Medication Therapy Management: An Opportunity for Health Plans


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In taking a thorough look at medication therapy management (MTM), as we do in our latest e-book and upcoming webinar, it’s important to understand that it’s not necessarily a new topic. MTM initiatives exist today and have for some time. The point we’re making is that ownership and administration of them needs to shift to health plans in order for MTM to have maximum impact.

In 2010, 99.9 percent of MTM programs were provided by pharmacists. However, most of these were/are geared toward maximizing medical prescription utilization rather than optimizing health outcomes. In part, this is because pharmacies lack comprehensive medical information about patients. Similarly, providers’ efforts to effectively deliver MTM programs are limited by their lack of both comprehensive medical records and care coordination as patients move across the continuum of care.

Historically, pharmaceutical companies have focused on just one aspect of MTM: medication adherence. This is because they’ve lost hundreds of billions in revenue due to unfilled prescriptions. To combat this, the industry has spent incredible amounts of money developing solutions — things like packaging designs and patient education programs — often with mixed results.

Combine these factors with the increasing recognition among employers that medication adherence is crucial to maintaining a healthy workforce and keeping overall healthcare costs down, and the need for stronger and more effective MTM programs becomes obvious.

Health plans are the most likely to have the tools needed to optimize health outcomes and lower overall costs through MTM. Yet today, many payer-led programs are extremely basic, involving little more than simple letter campaigns. And the majority of health plan-driven MTM programs generate drug savings but not a full return on investment. Some health plans are incorporating certain components of MTM into programs to reduce hospital readmissions; focusing on member education, adherence, polypharmacy (the use of multiple medications by a single patient) and drug interactions. Despite slow adoption of MTM programs by health plans, industry studies do provide enough evidence to suggest that they are a way to reduce adverse medication events, improve health outcomes and reduce costs, with at least one study reporting an ROI of 3.5:1.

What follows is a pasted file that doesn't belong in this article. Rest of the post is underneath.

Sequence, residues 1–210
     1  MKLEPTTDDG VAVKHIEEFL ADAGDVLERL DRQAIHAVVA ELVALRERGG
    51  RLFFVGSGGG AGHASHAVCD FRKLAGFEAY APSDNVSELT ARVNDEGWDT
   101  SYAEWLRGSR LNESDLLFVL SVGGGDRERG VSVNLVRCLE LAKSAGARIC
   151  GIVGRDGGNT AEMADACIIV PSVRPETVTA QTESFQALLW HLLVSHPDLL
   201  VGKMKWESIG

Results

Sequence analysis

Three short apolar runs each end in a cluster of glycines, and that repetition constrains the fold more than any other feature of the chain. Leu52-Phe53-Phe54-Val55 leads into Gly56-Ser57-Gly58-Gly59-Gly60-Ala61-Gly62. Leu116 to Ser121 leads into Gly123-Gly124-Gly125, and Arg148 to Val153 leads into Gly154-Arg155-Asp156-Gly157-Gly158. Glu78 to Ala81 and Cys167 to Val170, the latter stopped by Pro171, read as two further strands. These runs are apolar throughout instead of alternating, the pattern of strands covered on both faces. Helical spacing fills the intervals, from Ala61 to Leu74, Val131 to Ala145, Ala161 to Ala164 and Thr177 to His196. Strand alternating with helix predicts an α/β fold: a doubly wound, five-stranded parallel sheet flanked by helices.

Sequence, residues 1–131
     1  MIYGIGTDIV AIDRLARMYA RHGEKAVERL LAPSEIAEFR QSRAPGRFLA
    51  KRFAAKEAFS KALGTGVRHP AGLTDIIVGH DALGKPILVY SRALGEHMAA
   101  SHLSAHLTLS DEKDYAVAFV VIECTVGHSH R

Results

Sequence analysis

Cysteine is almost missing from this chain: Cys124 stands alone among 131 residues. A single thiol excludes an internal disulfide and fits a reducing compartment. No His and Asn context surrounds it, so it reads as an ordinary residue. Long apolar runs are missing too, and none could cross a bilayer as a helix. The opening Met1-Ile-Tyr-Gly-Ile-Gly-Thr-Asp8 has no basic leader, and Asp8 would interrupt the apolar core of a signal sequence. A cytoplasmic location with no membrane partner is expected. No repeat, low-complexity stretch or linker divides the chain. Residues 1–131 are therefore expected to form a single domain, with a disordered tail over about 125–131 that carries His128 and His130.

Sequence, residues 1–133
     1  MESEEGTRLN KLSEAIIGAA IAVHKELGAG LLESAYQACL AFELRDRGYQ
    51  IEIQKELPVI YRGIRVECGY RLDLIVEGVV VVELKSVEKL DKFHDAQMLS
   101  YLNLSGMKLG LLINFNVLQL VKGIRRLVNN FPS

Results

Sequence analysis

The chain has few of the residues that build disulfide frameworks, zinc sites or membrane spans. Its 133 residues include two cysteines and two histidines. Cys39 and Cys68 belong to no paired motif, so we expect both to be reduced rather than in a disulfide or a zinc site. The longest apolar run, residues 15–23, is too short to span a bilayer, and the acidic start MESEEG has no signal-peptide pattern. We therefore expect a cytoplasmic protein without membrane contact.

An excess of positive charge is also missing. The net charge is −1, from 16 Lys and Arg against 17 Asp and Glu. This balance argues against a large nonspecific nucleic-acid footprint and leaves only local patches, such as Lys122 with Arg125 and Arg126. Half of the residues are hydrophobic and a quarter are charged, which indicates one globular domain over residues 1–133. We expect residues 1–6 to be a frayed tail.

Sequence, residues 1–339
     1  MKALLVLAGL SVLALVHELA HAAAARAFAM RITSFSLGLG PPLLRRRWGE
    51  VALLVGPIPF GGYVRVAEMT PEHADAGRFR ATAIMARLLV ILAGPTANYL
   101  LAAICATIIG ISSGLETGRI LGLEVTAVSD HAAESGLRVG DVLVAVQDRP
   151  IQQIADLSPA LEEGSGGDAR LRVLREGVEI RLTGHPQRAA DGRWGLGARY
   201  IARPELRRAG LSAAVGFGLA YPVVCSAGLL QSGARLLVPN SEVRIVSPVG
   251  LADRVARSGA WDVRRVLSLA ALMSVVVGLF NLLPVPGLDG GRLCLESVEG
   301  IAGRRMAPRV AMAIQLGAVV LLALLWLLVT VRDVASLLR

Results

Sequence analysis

The federal government has recognized the need to support health plans in implementing MTM programs and the information technology required to make them work. In fact, the reform law’s new mandates for medical loss ratios (MLR — something we examined in-depth in a previous e-book and webinar) consider MTM to be an activity that improves healthcare quality and, therefore, something that qualifies as a medical loss expense.

Clearly, there is vast potential for effective MTM programs. There’s no doubt that the need exists to better manage how patients perceive, understand and adhere to their medication regimes and how, with the proper technologies, health plans are ideally positioned to make it happen.

What do you think? Do you agree that better management of patients’ medications is a good idea and something that can significantly improve the cost and quality of care? Are health plans, in fact, the one stakeholder in the healthcare system that can successfully administer these programs?

Eric Demers
Eric Demers is executive vice president and chief strategy officer at MEDecision, a leading provider of collaborative health management solutions. Learn more about MEDecision at Follow the company on Twitter at @MEDecision and on Facebook at


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